A video from the opening of the new Leica factory in Portugal, attended by the prime minister:
May 17, 2013: The owner of the majority of Leica Camera AG, the Austrian based holding company ACM Projektentwicklung (Andreas Kaufmann) acquired 25.1% of the on-line photo competition I-SHOT-IT.COM that was founded by Hartmut Hennige in September 2010. Ohter investors are Matthias Frei of Zurich. I have been the judge in the competition since it started in 2010. Link to press release.
The Mini M Incident
June 11 2013: After the highly succesful viral campaign prior to the Leica M9 release in 2009, someone tried to repeat the success with a campaign for "The Mini M" which - probably to their full satisfaction - created a roar of expectations in the Leica community.
However, if one started reading the blogs and forums to see what the users expected to be able to buy, it was far from the product Leica Camera AG was in fact planning on releasing.
The clash between the expected and the actual "Mini M" became obvious on June 11, 2013 when Leica Camera AG released the compact camera. Not a Leica M, and cetainly not a Leica Mini M, but a Leica X compact camera with a zoom.
If internet forums could kill, this day would have marked the end of Leica!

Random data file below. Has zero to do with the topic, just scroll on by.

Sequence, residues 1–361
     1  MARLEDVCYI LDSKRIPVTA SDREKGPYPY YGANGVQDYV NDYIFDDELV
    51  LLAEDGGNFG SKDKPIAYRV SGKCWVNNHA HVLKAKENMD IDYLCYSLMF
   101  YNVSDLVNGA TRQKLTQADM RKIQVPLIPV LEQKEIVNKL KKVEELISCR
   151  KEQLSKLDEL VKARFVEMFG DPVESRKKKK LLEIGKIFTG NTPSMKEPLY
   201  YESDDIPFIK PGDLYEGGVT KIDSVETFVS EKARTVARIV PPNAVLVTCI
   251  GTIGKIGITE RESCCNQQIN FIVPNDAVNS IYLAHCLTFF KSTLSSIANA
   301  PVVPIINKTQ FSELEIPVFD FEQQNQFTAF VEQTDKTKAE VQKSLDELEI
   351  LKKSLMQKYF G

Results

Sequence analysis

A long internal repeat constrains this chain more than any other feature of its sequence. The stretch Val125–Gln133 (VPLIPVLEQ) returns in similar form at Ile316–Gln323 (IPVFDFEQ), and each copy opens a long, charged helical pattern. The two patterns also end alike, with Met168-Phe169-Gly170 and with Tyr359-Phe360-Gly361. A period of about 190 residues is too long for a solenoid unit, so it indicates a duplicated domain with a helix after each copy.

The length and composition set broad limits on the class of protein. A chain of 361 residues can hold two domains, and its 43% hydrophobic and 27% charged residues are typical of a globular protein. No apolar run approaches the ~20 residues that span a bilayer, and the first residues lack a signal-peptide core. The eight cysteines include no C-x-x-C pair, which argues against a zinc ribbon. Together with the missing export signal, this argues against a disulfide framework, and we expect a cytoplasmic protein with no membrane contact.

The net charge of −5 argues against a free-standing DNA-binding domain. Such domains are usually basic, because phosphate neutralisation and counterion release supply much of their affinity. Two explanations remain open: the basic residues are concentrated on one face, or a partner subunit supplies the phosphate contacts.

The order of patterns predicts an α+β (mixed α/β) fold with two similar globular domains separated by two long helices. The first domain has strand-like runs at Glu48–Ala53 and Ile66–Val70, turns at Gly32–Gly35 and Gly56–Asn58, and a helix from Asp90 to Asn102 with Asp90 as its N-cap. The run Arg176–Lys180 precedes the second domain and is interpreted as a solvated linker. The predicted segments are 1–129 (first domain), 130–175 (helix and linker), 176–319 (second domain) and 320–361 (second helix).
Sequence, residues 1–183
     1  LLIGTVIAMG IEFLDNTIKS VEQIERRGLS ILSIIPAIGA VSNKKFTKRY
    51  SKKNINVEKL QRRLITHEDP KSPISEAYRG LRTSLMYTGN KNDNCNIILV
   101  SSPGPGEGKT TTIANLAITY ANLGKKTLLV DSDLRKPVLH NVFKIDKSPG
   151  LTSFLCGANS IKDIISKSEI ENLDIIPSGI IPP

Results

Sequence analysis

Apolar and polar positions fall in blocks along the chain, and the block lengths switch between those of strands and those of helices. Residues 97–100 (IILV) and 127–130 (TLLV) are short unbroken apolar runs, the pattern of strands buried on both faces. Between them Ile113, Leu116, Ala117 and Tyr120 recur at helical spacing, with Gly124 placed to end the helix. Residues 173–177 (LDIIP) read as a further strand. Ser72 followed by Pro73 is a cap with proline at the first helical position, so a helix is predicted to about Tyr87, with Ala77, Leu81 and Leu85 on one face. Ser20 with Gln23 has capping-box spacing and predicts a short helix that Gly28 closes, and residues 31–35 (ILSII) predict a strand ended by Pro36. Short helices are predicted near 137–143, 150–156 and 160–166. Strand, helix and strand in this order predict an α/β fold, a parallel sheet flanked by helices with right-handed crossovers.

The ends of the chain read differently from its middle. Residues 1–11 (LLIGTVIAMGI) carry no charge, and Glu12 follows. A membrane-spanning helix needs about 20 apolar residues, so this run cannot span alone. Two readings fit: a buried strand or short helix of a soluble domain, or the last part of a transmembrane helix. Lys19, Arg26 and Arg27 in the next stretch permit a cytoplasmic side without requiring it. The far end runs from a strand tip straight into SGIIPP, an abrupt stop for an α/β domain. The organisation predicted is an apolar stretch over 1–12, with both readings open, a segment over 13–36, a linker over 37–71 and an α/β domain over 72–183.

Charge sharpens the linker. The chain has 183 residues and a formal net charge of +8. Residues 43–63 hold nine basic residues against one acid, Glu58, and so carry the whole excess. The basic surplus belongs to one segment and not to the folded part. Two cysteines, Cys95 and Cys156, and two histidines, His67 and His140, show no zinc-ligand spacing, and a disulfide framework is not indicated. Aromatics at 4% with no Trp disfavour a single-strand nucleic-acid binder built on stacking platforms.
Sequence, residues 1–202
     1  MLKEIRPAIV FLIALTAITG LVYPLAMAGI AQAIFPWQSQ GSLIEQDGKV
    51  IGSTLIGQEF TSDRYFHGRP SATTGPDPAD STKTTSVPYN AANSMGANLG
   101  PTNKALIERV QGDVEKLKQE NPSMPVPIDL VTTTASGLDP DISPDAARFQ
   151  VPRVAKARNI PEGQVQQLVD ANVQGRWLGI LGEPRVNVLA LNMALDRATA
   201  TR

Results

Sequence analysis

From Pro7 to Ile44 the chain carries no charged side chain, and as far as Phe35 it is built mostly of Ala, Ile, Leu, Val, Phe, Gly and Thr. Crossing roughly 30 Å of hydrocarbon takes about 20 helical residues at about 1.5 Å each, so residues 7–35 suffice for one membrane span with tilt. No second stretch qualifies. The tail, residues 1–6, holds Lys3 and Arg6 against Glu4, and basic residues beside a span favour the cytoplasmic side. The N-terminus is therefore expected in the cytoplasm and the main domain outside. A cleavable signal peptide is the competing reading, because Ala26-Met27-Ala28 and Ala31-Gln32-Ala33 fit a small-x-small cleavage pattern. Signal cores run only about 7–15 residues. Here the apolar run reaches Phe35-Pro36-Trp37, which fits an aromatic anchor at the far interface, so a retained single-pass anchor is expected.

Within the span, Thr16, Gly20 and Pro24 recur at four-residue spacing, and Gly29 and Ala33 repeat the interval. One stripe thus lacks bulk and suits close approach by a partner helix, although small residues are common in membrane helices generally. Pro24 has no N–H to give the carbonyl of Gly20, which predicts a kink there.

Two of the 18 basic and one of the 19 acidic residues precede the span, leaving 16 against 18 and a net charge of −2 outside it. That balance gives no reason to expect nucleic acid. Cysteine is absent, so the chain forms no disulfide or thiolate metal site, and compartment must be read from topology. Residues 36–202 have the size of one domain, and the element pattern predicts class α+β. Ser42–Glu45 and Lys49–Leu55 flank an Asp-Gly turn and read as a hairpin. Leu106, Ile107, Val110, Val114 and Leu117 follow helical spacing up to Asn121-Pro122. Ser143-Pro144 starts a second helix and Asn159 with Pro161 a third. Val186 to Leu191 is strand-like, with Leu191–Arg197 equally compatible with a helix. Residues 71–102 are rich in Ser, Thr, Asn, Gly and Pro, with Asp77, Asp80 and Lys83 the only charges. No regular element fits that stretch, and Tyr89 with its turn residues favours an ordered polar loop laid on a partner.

I address the Leica X Vario a little in my Leica Digilux 2 article. Else I recommend looking at the sample pictures and intitial article Jono Slack have done here after having had the camera for betatest since December 2012.
The viral campaign that Leica launched on their website and on their Facebook page for the Leica Mini M that turned out to be a Leica X Vario will most likely go over in history as a very effective campaign, with a lot of wrong speculations and a lot of disappointed users. Reason being that a Leica Mini M addresses the Leica M audience, whereas the Leica X Vario addresses another group. Hence the campaign created a great impact on a target group that is unlikely to actual buy the camera, whereas the ones that will actually buy the camera was unlikely to have heard about it before they stepped into a camera store and ask for a camera to take with them on holiday. We learned "not to mess with the M", Leica Camera AG said after the campaign.
Admiring a print in the Leica Store Los Angeles. People pop in throughout the day to talk, have a coffee, show their pictures and try out new Leica stuff. February 2014. Leica M 240 with Leica 50mm Noctilux-M ASPH f/0.95. Thorsten Overgaard @ 2014
A new era of Leica Stores: Leica Store Los Angeles
The Leica Store Ginza in Tokyo was the first Leica Store, and set a quite high standard for how a Leica Store should present the brand. Largely made by use of the most exclusive materials and with no shortcuts, by Japanese designers and the store manager Shiyo Takahashi (who used to be with Hermès), the store might have been a little hard to follow by German designers and the folks at Leica Camera AG when they rolled out the concept in a growing number of new cities in the years to follow.